Haiti PM Ariel Henry to visit Kenya over delayed troop deployment

Wednesday February 28 2024
President William Ruto and Haiti Prime Minister Ariel Henry in New York, United States.

Kenya's President William Ruto (L) shakes hands with Haiti Prime Minister Ariel Henry in New York, US. PHOTO | PCS


Haiti’s Prime Minister Ariel Henry will soon visit Kenya in a bid to sort out issues that have stalled the deployment of Kenyan police officers to the troubled country.

This was revealed by Haiti's Office of the Prime Minister on Sunday which said that Henry will, after attending the 46th Ordinary Meeting of the Caribbean Community (Caricom) Heads of State and Government in Guyana, visit Nairobi. The meeting will end on Wednesday.

"After the Caricom meeting, Prime Minister Henry will travel to Kenya to finalise modalities for the deployment of the Multinational Security Support (MSS) with the country's authorities and those of other African states," a statement from the Office said.

Henry is expected to meet top security officers in Kenya to discuss and sign agreements before the deployment of police officers.

Read: Haiti police chief welcomes help to beat gangs

This comes a few months after a team from Haiti visited Kenya to hold discussions over the same matter. 


The 1,000 troops expected to be sent to Haiti are teams from the Rapid Deployment Unit, Anti-Stock Theft Unit, General Service Unit (GSU) and Border Patrol Unit. 

Some two weeks ago, Haiti announced that it is working on an official agreement with Kenyan officials to secure the long-awaited deployment.

Earlier this week, US Ambassador to the UN Linda Thomas-Greenfield announced that Benin will also be contributing 2,000 troops to assist in the multinational security force approved by the UN to curb gang violence in the Caribbean country. Kenya will be leading the process.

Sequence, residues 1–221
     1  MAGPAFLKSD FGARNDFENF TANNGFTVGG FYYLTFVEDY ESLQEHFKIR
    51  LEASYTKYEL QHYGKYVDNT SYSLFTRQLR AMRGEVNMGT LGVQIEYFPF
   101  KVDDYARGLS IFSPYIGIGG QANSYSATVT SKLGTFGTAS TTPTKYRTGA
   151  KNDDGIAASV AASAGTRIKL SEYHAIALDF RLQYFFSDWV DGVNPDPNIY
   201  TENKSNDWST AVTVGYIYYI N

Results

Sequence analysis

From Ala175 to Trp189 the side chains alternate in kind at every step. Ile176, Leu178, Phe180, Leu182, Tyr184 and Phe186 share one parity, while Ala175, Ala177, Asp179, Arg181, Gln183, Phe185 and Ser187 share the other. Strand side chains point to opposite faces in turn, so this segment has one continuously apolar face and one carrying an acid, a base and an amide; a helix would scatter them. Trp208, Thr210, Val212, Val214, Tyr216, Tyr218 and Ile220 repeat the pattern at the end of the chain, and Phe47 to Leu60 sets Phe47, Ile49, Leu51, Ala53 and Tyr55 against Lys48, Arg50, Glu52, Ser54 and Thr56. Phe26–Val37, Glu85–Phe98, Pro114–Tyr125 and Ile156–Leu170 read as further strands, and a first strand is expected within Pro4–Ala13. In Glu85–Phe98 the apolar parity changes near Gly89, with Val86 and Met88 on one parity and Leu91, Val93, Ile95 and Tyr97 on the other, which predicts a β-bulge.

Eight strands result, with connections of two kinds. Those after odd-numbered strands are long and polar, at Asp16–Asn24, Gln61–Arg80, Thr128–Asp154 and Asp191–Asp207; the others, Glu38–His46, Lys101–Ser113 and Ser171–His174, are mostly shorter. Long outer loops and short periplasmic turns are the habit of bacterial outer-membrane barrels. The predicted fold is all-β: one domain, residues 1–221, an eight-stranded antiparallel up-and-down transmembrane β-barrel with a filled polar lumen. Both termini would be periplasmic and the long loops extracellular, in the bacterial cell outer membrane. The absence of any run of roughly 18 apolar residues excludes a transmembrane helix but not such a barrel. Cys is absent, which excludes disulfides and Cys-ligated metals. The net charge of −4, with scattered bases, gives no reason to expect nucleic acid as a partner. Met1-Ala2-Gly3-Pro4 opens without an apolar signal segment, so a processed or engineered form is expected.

She added that the deployment has to be soon with cases of violence increasing in Haiti, where at least 300 gangs control a larger part of the capital and accounted for 83 percent of killings and injuries recorded last year. At least 8,400 people were killed by the gangs in 2023.

"This mission is key to helping the Haitian National Police restore peace and security, enabling free and fair elections, and alleviating the humanitarian crisis," Ms Thomas-Greenfield said.

It had been planned that the Kenyan team be deployed to Haiti in February, but this was delayed following a block by the court which argued that the government lacked the authority to send police officers outside Kenya.

Read: Kenya court halts police deployment to Haiti

It further stated that there is a need for reciprocity, as dictated by Kenyan laws, to enable the police officers to be deployed abroad. This saw Haiti send a memorandum of understanding (MoU) to Kenya on the need to deploy the police officers there.

President William Ruto, after the court’s ruling, said Kenya would complete all the processes specified by the court so that it still sends police officers to Haiti.

The US had initially said it would give some $200 million (approximately Ksh29.4 billion) and vowed to increase measures to stem the flow of illicit arms to Haiti. The UN believes most of the firearms being smuggled to the Caribbean country come from the US.

At least 800 people were killed, injured or kidnapped in Haiti in January alone, a fact that the UN says needs urgent measures to be taken and control the runaway rates of crime in Haiti.

During the G20 Summit held in Rio de Janeiro last week, more countries including France, Benin and Canada committed financial, personnel and other kind of commitments to the mission. Canada for instance pledged some $60million (Approximately $48.82 billion).

Officials from Kenya, led by former Inspector General of Police Joseph Boinnet, met with their Haitian counterparts in the US late last year to set a deadline for the arrival of Kenyan forces as well as drafting an MoU.